Omagari Japanese Fireworks Competition
WHAT: Omagari National Japanese Fireworks Competition.
WHY: It's a firework shell competition.
WHEN: Saturday 22nd August 2015.
WHERE: On the banks of the Omono-Gawa River, Akita, Japan.
WHAT TIME: Starts in the day around 5:30pm and continues till it gets dark.
BEST VIEWING SPOTS: Along the Marukogawa River - located near the Omagari Station.
ADMISSION COST: Free - but paid seating is also available.
Fireworks have been one of THE most important aspects of the Summer-time in Japan for centuries and there is no sign of this love affair with beautiful pyro ending any time soon.
Throughout the Summer there are firework festivals across the country as each region holds their own event to show off their wares. The Omagari firework festival started in 1910 and it was originally a firework attraction at the site of the Shrine of Suwa-jinja. This is just one of tens of thousands of Shine’s created to stop Christianity taking over completely so they welcomed visitors to reinforce the traditions of Shinto, which survives to this day and over 80% of the population follow the religion which some have combined with Buddhist teachings.
As the mid summer weekend arrives, as in the UK, families spend the evenings in parks and on the riverbanks with their picnic blankets watching the beautiful daytime and evening pyrotechnics. Each Summer across Japan, there are 14 full on festivals celebrating the art of ‘Hanabi’.
Although the blend of colours and sound effects will make some differences, there are really only a few different types of shell burst:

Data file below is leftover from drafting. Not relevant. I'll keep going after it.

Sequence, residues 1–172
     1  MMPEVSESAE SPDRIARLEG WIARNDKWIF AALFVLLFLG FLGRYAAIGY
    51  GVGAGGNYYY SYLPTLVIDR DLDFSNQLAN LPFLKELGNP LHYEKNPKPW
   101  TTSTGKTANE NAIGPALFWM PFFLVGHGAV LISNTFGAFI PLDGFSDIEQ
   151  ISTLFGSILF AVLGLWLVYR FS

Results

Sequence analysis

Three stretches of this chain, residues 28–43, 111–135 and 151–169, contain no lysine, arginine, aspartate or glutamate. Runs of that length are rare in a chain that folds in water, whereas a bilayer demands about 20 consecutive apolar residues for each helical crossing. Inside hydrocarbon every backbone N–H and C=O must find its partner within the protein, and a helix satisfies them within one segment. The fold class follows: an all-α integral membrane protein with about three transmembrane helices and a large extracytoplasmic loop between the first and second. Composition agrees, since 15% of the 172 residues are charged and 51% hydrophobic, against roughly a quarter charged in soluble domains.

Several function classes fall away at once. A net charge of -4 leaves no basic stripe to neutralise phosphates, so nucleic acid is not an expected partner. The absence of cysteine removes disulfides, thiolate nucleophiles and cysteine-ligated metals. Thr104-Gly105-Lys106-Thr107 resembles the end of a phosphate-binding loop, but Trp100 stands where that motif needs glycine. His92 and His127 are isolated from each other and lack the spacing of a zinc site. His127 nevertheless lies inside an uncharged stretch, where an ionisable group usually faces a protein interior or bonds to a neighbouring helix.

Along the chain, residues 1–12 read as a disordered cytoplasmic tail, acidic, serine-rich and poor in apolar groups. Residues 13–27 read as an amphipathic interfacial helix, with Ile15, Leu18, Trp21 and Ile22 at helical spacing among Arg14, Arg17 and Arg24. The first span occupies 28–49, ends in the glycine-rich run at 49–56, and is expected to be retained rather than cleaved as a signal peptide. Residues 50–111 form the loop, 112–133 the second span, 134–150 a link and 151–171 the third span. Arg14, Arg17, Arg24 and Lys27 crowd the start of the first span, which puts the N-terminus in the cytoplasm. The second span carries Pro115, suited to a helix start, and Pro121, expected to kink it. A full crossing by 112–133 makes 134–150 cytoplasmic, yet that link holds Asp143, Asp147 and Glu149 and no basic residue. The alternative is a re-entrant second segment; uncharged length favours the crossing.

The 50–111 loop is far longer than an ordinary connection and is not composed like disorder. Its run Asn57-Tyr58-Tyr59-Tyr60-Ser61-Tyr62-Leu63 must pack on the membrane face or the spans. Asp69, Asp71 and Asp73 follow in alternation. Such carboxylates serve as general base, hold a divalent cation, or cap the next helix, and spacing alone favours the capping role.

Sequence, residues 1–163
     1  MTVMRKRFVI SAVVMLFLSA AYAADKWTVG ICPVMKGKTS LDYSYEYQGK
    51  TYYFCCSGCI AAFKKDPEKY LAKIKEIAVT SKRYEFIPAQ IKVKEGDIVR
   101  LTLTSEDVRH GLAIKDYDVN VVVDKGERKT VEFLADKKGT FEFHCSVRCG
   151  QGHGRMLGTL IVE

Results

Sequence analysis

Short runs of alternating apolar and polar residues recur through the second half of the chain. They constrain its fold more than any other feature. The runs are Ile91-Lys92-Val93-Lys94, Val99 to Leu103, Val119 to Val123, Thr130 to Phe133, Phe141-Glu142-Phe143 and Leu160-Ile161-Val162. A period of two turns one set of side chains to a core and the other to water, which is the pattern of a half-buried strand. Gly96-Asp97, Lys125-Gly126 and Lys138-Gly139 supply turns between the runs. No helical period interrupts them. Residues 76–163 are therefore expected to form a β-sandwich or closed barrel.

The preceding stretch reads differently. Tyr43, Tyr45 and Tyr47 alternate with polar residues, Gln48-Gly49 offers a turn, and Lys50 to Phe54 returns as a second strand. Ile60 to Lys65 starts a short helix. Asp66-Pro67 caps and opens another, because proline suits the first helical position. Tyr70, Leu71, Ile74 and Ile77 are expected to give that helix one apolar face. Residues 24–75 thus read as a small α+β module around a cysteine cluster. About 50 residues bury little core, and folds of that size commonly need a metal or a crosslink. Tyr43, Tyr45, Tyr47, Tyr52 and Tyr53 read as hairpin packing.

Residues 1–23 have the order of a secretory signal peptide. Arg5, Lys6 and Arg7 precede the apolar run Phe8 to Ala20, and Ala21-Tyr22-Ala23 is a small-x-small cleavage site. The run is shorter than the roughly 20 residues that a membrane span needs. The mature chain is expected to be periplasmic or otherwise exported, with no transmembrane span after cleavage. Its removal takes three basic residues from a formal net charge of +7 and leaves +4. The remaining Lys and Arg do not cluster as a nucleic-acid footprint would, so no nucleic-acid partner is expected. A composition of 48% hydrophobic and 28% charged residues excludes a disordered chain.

Warimono – This description indicates a ball-shaped shell burst with the stars being very precisely packed into the housing shell. On bursting, the more spherical the shell the more the crowds will appreciate it as it is a sign of excellence and indicates the love and care taken by the creator to ensure the break is as accurate as feasibly possible.
Pokamona – This one reaches the set altitude and then splits in two igniting the enclosed parts which break in irregular pattern and direction.
Han Warimono – This one is a super-shell packed with smaller ‘mini’ shells which are on a delayed burst, so it’s a little like having a huge balloon which pops releasing lots of smaller ones with all then go on to burst in a ball shape.
Katamono – Usually, the ‘novelty’ burst type of shell, the Katamono usually breaks into a drawing in the night skies overhead. They usually feature hearts, smiley faces, space ships, squid and footprints. This is a difficult one to achieve as any wind will blow the resulting burst out of shape to such a degree it would be difficult to identify what the intended arrangement was.
Of course, being shells they can only ever be fired by a trained professional firework technician in accordance with very strict regulations in regards to when and where they can be fired. A 10 inch firework shell when fired from a mortar tube is travelling 263 feet per second muzzle velocity (the speed it leaves the tube) but this of course will lower the further it travels. The shell will reach a height of 1000ft and have a 450 foot burst width - Astonishing.
I would add that the ones fired in Japan are generally in the early stages of the event are fired singly, giving the manufacturers the opportunity to tell the spectators via a PA system what they are about to see. At the ‘finale’ there will be a huge number of shells reaching the skies above to the delight of the crowds.